Counsel for appellants then made a motion for a directed verdict on, substantially, the following grounds as to Yellow Cab, Incorporated: (1) absence of negligence on its part; (2) contributory negligence on the part of the plaintiff; (3) no testimony to show that defendant's cab struck plaintiff. As to Weiner, a like motion was made on the ground of contributory negligence on the part of the plaintiff. It would perhaps be helpful if we quoted the learned trial judge below, in extenso, on his disposition or ruling on the aforesaid grounds urged in support of the motion to direct a verdict in favor of appellants. He said:

"As to the ground first specified, that there is no negligence shown on the part of the Yellow Cab Company, the court takes the position that the testimony is capable of the construction that the plaintiff started to cross the street while the yellow cab was standing still and that the yellow cab started up and hit her in the back as she was approaching the isle. Therefore, the motion on ground 1 is denied.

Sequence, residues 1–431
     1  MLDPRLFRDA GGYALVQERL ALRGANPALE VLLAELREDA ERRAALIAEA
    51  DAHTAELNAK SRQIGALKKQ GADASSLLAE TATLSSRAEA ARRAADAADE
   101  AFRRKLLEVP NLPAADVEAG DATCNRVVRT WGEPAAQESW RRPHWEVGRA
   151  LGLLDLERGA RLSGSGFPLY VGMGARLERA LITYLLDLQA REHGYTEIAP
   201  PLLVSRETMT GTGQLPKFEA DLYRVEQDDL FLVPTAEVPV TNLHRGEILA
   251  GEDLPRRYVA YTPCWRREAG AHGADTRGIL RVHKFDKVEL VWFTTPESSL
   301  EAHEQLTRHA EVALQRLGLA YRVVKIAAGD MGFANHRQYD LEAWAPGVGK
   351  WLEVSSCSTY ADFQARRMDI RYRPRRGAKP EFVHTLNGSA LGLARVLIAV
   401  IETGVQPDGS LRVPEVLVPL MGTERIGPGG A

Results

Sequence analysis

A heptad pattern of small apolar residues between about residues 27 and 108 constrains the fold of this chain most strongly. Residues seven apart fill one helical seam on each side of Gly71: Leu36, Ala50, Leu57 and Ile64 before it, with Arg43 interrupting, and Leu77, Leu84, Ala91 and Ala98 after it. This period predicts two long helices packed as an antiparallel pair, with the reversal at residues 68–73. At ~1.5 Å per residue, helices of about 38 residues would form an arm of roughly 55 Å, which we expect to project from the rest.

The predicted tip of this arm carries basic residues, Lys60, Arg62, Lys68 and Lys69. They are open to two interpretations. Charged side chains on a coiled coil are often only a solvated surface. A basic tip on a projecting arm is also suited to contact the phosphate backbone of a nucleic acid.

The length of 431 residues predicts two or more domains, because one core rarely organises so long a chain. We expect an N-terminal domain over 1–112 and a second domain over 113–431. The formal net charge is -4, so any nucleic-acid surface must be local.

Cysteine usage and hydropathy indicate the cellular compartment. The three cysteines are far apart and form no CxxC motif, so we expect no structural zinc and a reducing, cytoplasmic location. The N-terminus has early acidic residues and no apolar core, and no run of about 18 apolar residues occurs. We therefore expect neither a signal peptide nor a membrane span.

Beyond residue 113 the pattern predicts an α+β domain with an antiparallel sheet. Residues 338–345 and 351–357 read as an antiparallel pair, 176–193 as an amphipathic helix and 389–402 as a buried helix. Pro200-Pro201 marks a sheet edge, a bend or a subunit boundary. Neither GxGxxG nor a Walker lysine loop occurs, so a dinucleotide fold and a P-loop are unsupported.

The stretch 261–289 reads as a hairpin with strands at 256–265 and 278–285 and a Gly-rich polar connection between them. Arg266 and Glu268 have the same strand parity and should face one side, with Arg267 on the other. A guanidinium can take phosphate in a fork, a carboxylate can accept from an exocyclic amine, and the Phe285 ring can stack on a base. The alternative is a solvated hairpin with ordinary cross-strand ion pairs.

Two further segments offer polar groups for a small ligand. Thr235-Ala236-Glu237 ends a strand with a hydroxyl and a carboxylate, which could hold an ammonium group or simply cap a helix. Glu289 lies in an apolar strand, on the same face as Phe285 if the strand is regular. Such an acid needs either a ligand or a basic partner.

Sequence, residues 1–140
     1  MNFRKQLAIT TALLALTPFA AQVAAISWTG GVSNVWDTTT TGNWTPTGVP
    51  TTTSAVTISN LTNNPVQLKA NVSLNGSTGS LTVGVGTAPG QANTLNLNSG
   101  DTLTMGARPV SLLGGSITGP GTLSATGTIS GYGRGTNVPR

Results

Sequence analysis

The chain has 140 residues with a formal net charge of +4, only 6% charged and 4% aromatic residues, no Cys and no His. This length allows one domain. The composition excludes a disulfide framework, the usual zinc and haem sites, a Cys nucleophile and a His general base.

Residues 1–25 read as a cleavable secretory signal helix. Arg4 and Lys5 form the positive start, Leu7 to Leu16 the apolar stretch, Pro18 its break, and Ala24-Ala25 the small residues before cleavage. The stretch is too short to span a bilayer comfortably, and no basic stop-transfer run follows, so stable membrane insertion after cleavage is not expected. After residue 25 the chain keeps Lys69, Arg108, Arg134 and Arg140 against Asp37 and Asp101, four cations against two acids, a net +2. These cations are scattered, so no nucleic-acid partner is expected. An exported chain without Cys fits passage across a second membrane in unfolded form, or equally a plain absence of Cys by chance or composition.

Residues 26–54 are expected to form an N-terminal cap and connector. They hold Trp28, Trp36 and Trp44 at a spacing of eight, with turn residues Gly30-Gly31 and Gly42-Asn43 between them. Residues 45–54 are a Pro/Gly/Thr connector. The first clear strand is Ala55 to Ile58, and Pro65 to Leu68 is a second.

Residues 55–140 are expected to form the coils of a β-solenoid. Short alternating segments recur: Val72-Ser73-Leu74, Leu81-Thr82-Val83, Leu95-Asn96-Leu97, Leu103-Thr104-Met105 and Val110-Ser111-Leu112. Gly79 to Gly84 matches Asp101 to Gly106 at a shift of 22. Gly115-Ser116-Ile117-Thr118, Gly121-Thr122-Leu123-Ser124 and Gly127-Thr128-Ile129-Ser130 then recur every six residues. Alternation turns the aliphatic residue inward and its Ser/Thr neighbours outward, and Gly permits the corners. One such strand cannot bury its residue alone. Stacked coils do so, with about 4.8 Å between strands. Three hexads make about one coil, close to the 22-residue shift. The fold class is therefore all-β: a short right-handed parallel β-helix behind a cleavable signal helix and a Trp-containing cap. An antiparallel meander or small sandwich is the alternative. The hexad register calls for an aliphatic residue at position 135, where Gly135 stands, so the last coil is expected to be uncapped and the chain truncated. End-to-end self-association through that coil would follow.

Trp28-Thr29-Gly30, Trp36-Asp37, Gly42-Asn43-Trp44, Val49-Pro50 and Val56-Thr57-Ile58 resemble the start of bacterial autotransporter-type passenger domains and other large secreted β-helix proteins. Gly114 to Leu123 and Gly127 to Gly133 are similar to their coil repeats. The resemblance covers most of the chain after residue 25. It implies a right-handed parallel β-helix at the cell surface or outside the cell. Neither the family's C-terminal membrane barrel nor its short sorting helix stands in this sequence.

"As to the second ground, to wit, contributory negligence on the part of the plaintiff, the testimony is that she started to cross, that the traffic was standing still, that she got so far that her back was to the traffic and that she was approaching the isle when she was hit in the back. Therefore, the court is of the opinion that the evidence is capable of the construction

[113 NJL Page 482]

that she was not guilty of contributory negligence and the motion on that ground is denied.

"As to the third ground, to wit, that there is nothing shown that the cab of the defendant was the object that struck plaintiff, the court holds that the admission in answer number 2, paragraph 2, referring to paragraph 2 of the complaint, is sufficient inasmuch as the language is that the defendant admits that it owned and operated the taxicab, the view of the court being that the word "the" refers to the taxicab described and referred to in paragraph 2 of the complaint.